Thanks a lot.. I will try to work on debugging and got clear here...Its never executing for n=5 – Udit Gupta Aug 19 '11 at 22:32
``````while (n * k < 99) {
a[j + n * k] = 0;
k++;
}
``````

This code is dangerous. You may well end up with `j + n * k` being larger than 99, which will overwrite arbitrary memory (or, strictly speaking, the behavior is undefined). Better be safe:

``````#include <assert.h>

...

while (n * k < 99) {
int index = j + n * k;
assert(0 <= index && index < 100);
a[index] = 0;
k++;
}
``````
-
An index of < 0 is rather unlikely, isn't it? – Rudy Velthuis Aug 19 '11 at 22:22
Alternatively (or additionally), change the condition to check that the index is in range: `while (j + n * k < LENGTH(a))`, given a suitable definition for `LENGTH`. – outis Aug 19 '11 at 22:23
@Rudy: asserts often test "impossible" scenarios, just in case. – outis Aug 19 '11 at 22:23
@outis: Hey, that's what Udit should find out himself. ;) – Roland Illig Aug 19 '11 at 22:25
@Roland: He wouldn't have found out, because that is not the problem with his loop. – Rudy Velthuis Aug 19 '11 at 22:39

Honestly, do yourself a favor and do a web search on "tutorial on gdb debugger". You'll get hundreds of hits. Then, sit down and have some fun learning a powerful tool that you will spend hundreds and hundreds of hours using if you continue to learn C, C++, or a dozen other computer languages. (I'm serious about the 'fun' part; I you don't find it fun, drop CS!)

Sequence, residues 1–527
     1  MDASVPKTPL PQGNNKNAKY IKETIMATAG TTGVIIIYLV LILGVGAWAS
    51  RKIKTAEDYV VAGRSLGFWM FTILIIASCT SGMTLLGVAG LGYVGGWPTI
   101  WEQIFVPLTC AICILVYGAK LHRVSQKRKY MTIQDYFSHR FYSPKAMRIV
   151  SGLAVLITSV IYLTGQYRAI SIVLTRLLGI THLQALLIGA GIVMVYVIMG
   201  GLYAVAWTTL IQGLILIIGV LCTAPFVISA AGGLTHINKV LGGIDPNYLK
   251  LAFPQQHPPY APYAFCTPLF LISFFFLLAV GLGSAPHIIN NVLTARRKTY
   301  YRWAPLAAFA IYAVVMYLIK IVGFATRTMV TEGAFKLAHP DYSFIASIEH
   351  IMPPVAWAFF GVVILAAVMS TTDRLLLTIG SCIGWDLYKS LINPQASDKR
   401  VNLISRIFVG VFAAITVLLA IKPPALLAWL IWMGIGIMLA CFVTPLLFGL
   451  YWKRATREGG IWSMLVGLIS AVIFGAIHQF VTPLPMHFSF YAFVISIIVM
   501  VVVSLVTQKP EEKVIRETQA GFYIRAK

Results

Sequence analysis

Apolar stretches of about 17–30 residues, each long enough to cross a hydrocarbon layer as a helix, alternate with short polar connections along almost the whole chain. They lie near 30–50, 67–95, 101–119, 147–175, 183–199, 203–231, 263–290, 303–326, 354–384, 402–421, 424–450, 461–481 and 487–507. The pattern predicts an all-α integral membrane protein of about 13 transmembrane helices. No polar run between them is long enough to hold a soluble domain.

Also do a search on 'ddd debugger'; this is a free OSS graphical front-end to gdb -- very nice, IMHO.

-k

-
Indeed, running code line-by-line in gdb is fun. Often the problem line (or transition between lines) can just "jump out" at you. You may not instantly know what's wrong and how to fix it; but you can "sense" that something fishy just happened. Knowing where it's going wrong makes it easy to begin investigating why. – luser droog Aug 20 '11 at 6:13

You are storing your results (marking non-primes as zero) in the same array as you are reading from within the outer loop.

The number 4 gets (correctly) marked as non-prime, but this has the unwanted side-effect of terminiating your main loop (because a[j] ==0).

So you only process n=2 and n=3.

-

The problem is that the loop ends far too soon. if `a == 3`, `a[j] == 0` and the loop ends. Change your main loop to:

``````for (j = 1; j < 50; j++)
{
k = 1;
n = a[j];

if (n != 0)
while (j + n * k <= 99)
{
a[j + n * k] = 0;
k++;
}
}
``````
-

hint ; look at what happened to 5 and hence 25

google will tell you how to use gdb - its not hard

``````a[j + n * k] = 0;
``````

I think you mean

``````a[n * k] = 0;
``````
-
help me out how to debug on linux machine with gcc ?????? – Udit Gupta Aug 19 '11 at 21:58
I think its fine for 5... I m not able to find out the error.. – Udit Gupta Aug 19 '11 at 21:59
`j=4 so n=a[4]=5 and then for j=4,4+5*1,4+5*2,etc it will go and will make them zero. 25 is a[24] and 24 = 4+5*4` – Udit Gupta Aug 19 '11 at 22:02
@Udit: Try to observe that happening in a debugger. – outis Aug 19 '11 at 22:04